Moon and Planets

A thin crescent moon appears under the bright planet Venus tonight. Take a look about a half hour after sunset. The two appear just above the glow of where the sun has set and it is a pretty scene.

More and more observers will see the crescent moon in the nights ahead when it is higher in the sky. The moon is to the left of Venus tomorrow night. Both are about the same height above the horizon.

The western sky gets prettier on Sunday night when the moon is even higher in the southwestern sky, but it is also close to the ringed-planet Saturn.

Planets Morning and Night

In that critically short moment of dawn, an hour before sunrise, the planets Jupiter and Mars appear as a pair. They aren’t as close as they were a week ago, but still a sight. Jupiter is significantly brighter than Mars. If you can find Jupiter, you’ll see the red planet Mars under and to the left.

Then look below the two planets for a third, Mercury.

Mercury is hard to see. The planet is only a short distance above the horizon. Give yourself a tap on your shoulder if you see it.

Extreme Tides

Tides will run higher and lower than normal this weekend and well into next week and it is tied mostly to two astronomical events. The moon is full on Monday, and it will be especially close, in perigee, on Sunday.

The gravitational pull of both the moon and sun create our tides. When the moon is particularly close, tidal pull is more extreme so tides run higher and lower than normal.

We had the same thing happen only a month ago, but slightly more extreme. Last month full moon and perigee were on the same day.

Crescent Moon

The crescent moon hugs close to the southwestern sky tonight. The moon is in the zodiacal constellation Leo and will be entering into the zodiacal constellation Virgo tomorrow night.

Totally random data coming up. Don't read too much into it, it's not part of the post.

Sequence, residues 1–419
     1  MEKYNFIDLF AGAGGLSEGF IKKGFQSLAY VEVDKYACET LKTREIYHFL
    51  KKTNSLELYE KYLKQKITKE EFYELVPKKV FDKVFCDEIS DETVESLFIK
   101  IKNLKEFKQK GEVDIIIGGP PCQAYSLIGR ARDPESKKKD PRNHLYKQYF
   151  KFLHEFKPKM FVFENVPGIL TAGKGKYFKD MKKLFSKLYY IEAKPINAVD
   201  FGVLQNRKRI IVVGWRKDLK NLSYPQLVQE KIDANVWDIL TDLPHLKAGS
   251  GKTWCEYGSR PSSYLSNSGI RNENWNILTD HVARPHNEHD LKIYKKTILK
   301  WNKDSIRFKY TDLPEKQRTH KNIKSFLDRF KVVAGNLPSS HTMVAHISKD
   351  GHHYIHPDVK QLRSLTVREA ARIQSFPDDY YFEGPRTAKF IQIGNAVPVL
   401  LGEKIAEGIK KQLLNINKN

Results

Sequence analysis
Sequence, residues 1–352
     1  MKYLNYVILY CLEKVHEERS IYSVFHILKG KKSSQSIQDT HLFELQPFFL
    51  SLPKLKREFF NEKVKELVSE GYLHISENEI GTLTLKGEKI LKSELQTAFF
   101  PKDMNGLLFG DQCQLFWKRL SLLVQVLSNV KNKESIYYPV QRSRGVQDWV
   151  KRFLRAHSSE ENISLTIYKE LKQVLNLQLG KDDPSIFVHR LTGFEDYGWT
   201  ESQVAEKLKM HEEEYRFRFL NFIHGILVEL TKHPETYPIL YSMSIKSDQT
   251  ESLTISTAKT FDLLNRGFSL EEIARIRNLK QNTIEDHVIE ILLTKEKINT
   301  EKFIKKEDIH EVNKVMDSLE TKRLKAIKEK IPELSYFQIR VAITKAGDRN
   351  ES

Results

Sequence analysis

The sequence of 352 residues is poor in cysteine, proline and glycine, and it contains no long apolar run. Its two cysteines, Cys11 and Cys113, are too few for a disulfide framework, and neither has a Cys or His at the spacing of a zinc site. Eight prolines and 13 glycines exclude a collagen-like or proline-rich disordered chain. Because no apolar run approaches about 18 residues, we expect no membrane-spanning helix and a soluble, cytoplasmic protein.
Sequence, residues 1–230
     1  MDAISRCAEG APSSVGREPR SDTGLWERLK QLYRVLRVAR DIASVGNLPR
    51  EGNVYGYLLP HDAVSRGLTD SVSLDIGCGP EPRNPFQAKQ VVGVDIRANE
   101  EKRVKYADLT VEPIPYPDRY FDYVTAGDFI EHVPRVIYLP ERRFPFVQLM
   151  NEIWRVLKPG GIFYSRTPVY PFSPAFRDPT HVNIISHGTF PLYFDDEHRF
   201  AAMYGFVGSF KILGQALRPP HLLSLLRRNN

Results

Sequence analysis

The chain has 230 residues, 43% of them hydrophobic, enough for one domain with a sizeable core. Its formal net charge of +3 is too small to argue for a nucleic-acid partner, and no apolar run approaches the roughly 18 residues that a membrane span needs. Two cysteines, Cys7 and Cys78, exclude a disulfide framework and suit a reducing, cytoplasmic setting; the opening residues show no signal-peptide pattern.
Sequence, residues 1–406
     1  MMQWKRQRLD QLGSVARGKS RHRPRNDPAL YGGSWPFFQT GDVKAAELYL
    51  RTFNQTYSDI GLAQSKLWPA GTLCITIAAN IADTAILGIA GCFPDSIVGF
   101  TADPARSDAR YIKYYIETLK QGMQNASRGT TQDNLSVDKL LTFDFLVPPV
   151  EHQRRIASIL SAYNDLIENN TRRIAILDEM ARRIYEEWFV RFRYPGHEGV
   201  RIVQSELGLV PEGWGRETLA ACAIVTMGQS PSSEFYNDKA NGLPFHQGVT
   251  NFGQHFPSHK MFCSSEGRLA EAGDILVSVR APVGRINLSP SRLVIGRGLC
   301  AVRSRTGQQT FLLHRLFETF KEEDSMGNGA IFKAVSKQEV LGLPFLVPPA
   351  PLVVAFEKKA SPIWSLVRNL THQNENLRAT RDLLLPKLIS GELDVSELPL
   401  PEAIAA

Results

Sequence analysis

On Monday, the moon is first quarter and appears near Spica, the brightest star in Virgo. On Tuesday night, the moon approaches the bright planet Saturn.


Moon, Venus and Menemsha

A thin crescent moon next to the bright planet Venus will appear above the horizon right after sunset on Wednesday. If the weather is fair, one of the best spots on the Vineyard will likely be Menemsha after the sunset.

Menemsha is the ideal spot to watch as it offers an unencumbered view of the western horizon. There are other places around the Vineyard, such as West Chop, Cape Pogue lighthouse and even the Gay Head light.    

Venus and Fireworks

While many people out on the Fourth of July will be waiting for the first rocket and loud boom that makes up the fireworks display, it might also be a time to look to the west for a brilliant planet, Venus, the brightest planet in our west northwest evening sky.

Venus will be hugging close to the western sky right after sunset, at about the same place as the sun has set. The planet is tough to spot for many. If the sky is clear, those with a view of the western sky will see it.

Wet June

We had a wet spring. June has been extremely wet and we are still nine days from the last day of the month. As of Tuesday, the Vineyard received 5.98 inches of rainfall in the first 18 days of the month. Rainfall is measured at the National Weather Service cooperative station in Edgartown.

Since June arrived, the Vineyard has received measurable rainfall on 13 of those 18 days. We’ve had three June days when more than an inch of rain fell.

February remains the wettest month of the year, so far, with 6.63 inches of precipitation.

Planets and the Moon

The planets Venus and Mercury are close buddies this week but they part company later in the month.
Venus is easiest to spot, low in the southwestern sky after sunset. Venus is brilliant and above the horizon, amid the light of twilight.

Planetary Lineup

Three planets form a line in the early evening this weekend but the alignment won’t last. Mercury, Venus and Jupiter are close together low in the southwestern sky, visible less than an hour after sunset. The view is short, as they set quickly as twilight turns into night.

Venus and Jupiter are the easiest to spot, with Venus being the brightest. Venus is so bright it looks like an airplane coming in with landing lights on. Jupiter appears right underneath and it, too, is bright but not nearly as brilliant.

Stars and Planets, Moon and Tides

The moon passes by two brilliant stars this weekend. After sunset, the first quarter moon appears high in the sky tonight, near the bright star Regulus. Regulus is the principal star in the zodiacal constellation Leo.

On Sunday night, the gibbous moon appears farther east, close to Spica, the principal star in the zodiacal constellation Virgo.

Spica is distant and light reaches us after a 262 year journey. Regulus is a good deal closer at 77 light years away.